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More Tesla Sales Forecasts — And By Factory!

Right after I finished and published an article on my 2021 Tesla sales forecasts, I went to Twitter to find it and retweet it. I quickly spotted a tweet from Troy Teslike showing his own forecasts (published a couple of hours before mine). So, being a big fan of his work, I thought I’d look at his forecasts and how they compare to mine. Also, his are split out by factory as well as model! So, that offers some extra fun all by itself.

In the second quarter, here’s how the forecasts compare:

  • Troy: Tesla Model 3 = 116,506
  • Zach: Tesla Model 3 = 110,000
  • Troy: Tesla Model Y = 77,305
  • Zach: Tesla Model Y = 94,000
  • Troy: Tesla Model S/X = 1,189
  • Zach: Tesla Model S/X = 6,000

Clearly, our Model 3 forecasts are close. I’m expecting a bigger/quicker ramp up the Model Y in China as well as a bit of shifting of focus to the Model Y in the US. I expect there’s a lot more demand for the Model Y than the Model 3 and Tesla will gradually favor the Y more and more as a result. That said, Troy tracks production capacity and historical trends very closely, so if I was betting on this, there’s a decent chance I’d bet on Troy’s forecast.

I’m probably wrong on the S & X since production is reportedly still delayed and we don’t actually know what all the holdups are — or if it’s just one bottleneck. That said, as soon as Tesla gets these production lines moving, I assume it will want to get a lot out the door to satisfy the long-waiting (and sometimes impatient) customers. On the flip side (again), production ramps take time and these are significant refreshes, so Tesla may need to take it slow & steady. We shall see.

As far as the factory split in the second quarter, Troy is estimating delivery of 104,689 vehicles produced in Fremont and delivery of 90,311 vehicles produced in Shanghai, getting the factories closer and closer together in vehicle output.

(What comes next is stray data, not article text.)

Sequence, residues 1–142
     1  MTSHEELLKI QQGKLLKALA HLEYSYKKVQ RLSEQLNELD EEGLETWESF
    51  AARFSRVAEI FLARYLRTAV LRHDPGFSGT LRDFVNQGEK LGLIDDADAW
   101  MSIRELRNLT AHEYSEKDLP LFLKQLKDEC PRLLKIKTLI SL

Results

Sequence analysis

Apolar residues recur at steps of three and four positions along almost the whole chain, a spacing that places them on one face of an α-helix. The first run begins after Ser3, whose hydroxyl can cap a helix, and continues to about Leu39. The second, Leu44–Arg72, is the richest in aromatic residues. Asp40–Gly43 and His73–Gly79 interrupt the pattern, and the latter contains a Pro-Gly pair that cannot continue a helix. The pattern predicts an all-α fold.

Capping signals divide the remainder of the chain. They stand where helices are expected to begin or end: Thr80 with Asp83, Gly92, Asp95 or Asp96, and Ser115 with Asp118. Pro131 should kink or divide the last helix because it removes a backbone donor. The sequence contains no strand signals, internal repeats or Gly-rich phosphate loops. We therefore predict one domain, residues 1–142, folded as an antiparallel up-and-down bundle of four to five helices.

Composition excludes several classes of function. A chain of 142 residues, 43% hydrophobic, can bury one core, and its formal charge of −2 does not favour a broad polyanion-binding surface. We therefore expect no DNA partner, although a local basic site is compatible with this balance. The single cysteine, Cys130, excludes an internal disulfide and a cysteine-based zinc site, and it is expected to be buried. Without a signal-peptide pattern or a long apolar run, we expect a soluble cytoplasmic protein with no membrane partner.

In total, then, Troy’s forecast pegs Q2 at 195,000 deliveries, 15,000 below my forecast of 210,000.

In the third quarter, here’s the comparison:

  • Troy: Tesla Model 3 = 120,550
  • Zach: Tesla Model 3 = 110,000
  • Troy: Tesla Model Y = 84,560
  • Zach: Tesla Model Y = 120,000
  • Troy: Tesla Model S/X = 5,850
  • Zach: Tesla Model S/X = 10,000

Again, I’m assuming less emphasis on Model 3 and more effort to produce more Model Y vehicles. But this is just a WAG, as indicated in my first article about the forecasts.

Clearly, though, I got quite a bit more ambitious about the Model Y production ramp across the globe. Perhaps I was overly ambitious with that. However, I will note that some people are forecasting a million plus Tesla deliveries in 2021, and I’m only at 910,200. (Of course, some people are forecasting 700,000 deliveries in 2021.)

Troy is again expecting a slower Model S/X ramp. I was concerned mine was too slow, so I’m happy that Troy’s is even more conservative. Though, it also makes me think I should scale mine back further. On the other hand, if I listen to other commenters, Troy and I should both be much more bullish about the refreshed S & X!